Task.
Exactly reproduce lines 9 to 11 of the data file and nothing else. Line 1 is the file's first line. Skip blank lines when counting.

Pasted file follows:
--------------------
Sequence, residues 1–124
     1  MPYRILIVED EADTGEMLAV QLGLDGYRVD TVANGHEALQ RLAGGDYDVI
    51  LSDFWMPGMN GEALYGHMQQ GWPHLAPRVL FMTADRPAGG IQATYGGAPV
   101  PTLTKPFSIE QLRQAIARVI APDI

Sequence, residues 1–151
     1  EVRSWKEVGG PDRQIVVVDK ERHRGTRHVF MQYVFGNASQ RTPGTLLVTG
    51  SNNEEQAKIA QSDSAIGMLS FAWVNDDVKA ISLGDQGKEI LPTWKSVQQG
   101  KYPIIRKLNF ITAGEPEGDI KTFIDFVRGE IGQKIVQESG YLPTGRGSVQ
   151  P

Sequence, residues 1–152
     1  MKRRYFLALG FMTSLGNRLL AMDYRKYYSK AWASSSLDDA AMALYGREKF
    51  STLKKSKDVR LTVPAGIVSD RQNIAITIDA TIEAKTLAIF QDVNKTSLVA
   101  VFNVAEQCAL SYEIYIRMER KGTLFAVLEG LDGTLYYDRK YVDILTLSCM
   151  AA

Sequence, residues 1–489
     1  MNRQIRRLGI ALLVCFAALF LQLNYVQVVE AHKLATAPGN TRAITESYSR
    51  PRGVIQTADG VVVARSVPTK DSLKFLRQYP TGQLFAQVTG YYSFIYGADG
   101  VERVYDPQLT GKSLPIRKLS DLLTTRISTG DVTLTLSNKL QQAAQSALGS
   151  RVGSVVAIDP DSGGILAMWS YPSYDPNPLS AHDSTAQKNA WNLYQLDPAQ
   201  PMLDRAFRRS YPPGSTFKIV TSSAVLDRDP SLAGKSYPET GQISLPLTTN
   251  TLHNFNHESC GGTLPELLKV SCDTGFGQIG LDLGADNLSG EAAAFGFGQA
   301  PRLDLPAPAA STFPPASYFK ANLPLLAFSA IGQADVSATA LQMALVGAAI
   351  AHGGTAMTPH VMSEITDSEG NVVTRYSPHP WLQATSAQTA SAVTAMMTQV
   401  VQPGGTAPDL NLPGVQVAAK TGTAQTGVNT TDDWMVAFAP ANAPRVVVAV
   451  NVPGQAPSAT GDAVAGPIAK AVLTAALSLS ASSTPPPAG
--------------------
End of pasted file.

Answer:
   151  P

Sequence, residues 1–152
     1  MKRRYFLALG FMTSLGNRLL AMDYRKYYSK AWASSSLDDA AMALYGREKF